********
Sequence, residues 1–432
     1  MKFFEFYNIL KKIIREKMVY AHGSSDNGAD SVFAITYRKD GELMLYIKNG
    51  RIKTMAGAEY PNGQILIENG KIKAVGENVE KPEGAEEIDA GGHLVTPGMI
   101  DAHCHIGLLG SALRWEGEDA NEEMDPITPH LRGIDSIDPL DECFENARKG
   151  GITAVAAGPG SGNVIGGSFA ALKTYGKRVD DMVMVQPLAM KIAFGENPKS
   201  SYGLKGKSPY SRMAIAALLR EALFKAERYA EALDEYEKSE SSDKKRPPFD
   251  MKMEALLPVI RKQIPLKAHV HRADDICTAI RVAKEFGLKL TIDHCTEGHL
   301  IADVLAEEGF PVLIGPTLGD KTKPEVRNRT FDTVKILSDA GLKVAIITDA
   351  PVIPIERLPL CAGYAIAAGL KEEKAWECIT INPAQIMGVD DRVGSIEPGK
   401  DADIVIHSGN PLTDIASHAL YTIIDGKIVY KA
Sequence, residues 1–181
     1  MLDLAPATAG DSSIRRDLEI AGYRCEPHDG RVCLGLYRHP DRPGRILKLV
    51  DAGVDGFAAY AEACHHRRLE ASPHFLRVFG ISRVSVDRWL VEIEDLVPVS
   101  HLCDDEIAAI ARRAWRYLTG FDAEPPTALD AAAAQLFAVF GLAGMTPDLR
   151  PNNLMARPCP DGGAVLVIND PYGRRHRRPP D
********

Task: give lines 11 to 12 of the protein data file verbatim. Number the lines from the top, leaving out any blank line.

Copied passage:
Sequence, residues 1–181
     1  MLDLAPATAG DSSIRRDLEI AGYRCEPHDG RVCLGLYRHP DRPGRILKLV